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Phil G. Goulding (1921–1998) was an American newspaper reporter. During his life, he worked for the government and private companies. In 1965-1967, he served as a Deputy Assistant Secretary of Defense for public affairs, and then, in 1967-69, as an Assistant Secretary of Defense for Public Affairs. After retiring from the government, he started anew in the oil industry as an executive and became a book author.

Early life and career[edit | edit source]

Goulding was born in San Francisco, California, in 1921. He graduated from Hamilton College. He was a low-ranking naval officer during World War II. After the war, in 1947, he became a reporter for The Plain Dealer (Cleveland, Ohio) and after learning the ropes, worked in newspaper's Washington Bureau (1950-1965). In 1965, he joined the Office of Public Affairs of the U.S. Defense Department, and in 1967 was promoted to Assistant Secretary of Defense for Public Affairs (1967–69). Goulding was confirmed by the United States Senate Committee on Armed Services,[1] and served from 28 February 1967 till 20 January 1969. His predecessor was Arthur Sylvester (20 January 19613-February 1967). Daniel Z. Henkin served after Goulding's retirement (20 January 1969 – 20 January 1973).[2]

Journalistic integrity[edit | edit source]

As an official Pentagon spokesman in the mid-1960s, and chief spokesman for the Defense Department from 1967, Goulding often provided press briefings at the Pentagon with respect to the Vietnam War, including reorganizations and changes brought by Robert McNamara. He had to deal with many uneasy isssues, including the USS Liberty incident, since President Johnson chose not to make any public statements.[3]

Some information that he relayed to the public regarding military operations in south-east Asia was inaccurate, which he later acknowledged. He was quoted in his New York Times's obituary as saying,

I misled and misinformed the American people a good many times in a good many ways -- through my own lack of foresight, through carelessness, through relaying incomplete information which the originators considered complete, through transmitting reports which had been falsified, deliberately, at lower levels."[4]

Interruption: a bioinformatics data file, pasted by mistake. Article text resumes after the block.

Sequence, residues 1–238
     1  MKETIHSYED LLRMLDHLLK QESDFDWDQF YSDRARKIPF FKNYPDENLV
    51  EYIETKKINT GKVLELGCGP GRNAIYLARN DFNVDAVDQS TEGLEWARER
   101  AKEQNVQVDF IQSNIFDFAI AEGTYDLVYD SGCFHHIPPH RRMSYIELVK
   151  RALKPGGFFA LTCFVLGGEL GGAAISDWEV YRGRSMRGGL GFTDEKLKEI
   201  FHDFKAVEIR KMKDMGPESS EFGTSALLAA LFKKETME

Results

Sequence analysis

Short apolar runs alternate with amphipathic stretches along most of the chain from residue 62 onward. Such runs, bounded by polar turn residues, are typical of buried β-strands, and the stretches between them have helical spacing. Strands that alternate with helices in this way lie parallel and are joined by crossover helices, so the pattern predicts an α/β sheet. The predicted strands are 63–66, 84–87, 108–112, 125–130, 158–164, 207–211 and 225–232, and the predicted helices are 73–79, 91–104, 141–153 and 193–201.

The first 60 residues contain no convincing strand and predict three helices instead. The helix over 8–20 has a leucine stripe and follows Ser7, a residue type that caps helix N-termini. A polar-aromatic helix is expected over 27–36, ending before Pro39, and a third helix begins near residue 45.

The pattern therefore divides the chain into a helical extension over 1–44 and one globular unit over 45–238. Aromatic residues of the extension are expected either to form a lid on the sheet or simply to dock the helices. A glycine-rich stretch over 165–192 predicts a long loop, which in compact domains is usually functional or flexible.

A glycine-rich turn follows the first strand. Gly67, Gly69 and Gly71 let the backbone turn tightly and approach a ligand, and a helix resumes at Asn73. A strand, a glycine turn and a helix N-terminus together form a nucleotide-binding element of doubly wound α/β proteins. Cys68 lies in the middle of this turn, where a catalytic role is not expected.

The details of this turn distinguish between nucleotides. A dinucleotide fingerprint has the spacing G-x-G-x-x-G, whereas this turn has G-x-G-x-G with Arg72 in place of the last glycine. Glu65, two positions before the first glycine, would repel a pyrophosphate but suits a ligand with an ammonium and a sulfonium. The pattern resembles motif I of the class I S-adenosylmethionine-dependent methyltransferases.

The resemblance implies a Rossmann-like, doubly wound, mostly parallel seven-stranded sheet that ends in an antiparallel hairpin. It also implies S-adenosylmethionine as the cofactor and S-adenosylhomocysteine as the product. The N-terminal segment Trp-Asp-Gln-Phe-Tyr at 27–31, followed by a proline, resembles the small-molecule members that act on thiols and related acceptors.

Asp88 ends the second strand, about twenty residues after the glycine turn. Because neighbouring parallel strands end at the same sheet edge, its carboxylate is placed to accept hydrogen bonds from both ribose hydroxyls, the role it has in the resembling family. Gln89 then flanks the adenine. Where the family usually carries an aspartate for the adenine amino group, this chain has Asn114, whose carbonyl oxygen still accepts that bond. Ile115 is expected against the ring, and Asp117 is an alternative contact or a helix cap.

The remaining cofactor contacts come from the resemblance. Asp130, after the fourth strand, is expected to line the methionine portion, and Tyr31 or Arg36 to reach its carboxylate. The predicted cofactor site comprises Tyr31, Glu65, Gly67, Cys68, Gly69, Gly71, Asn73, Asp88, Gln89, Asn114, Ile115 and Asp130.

Later life and writing[edit | edit source]

After leaving the U.S. military in 1969, he became a successful oil-industry executive. He also became the author of a 1970 book about the nature of his experiences in providing public information in the context of national security, titled Confirm or Deny: Informing the People on National Security.[5]

In his later years, he wrote and lectured about classical music, including authoring the popular music appreciation book Classical Music: The 50 Greatest Composers and Their 1,000 Greatest Works, published in 1992.[6]

Death[edit | edit source]

Goulding died of cancer at his home in Potomac, Maryland on September 8, 1998 at age 77. U.S. Department of Defense released a statement saying,

Phil Goulding was highly regarded in public affairs circles. His book, Confirm or Deny: Informing the People on National Security, should be required reading for anyone who aspires to a leadership position in government. Drawing on his wide experience reporting national security issues, Phil Goulding brought a probing mind, an articulate voice and absolute integrity to the job of Pentagon spokesman during the Vietnam era. Many of us who have subsequently stood at the Pentagon podium have benefited from his insights about a difficult, eventful time.[7]

References[edit | edit source]

  1. United States. Nomination of Phil G. Goulding.: To Be an Assistant Secretary of Defense: Hearings Before the United States Senate Committee on Armed Services, Ninetieth Congress, First Session, on Feb. 16, 1967. Washington: U.S. G.P.O., 1967.
  2. Department of Defense Key Officials: Public Affairs
  3. Public Affairs in the USS LIBERTY Incident.
  4. Irvin Molotsky. Phil Goulding, 77, Pentagon Spokesman Caught in Vietnam Web New York Times, September 10, 1998.
  5. Goulding, Phil G. Confirm or Deny: Informing the People on National Security. New York: Harper & Row Publishers, 1970.
  6. Goulding, Phil G. Classical Music: The 50 Greatest Composers and Their 1,000 Greatest Works. New York: Fawcett Columbine, 1992.
  7. Statement By Ken Bacon, Assistant Secretary Of Defense for Public Affairs, Regarding The Late Phil G. Goulding

External links[edit | edit source]

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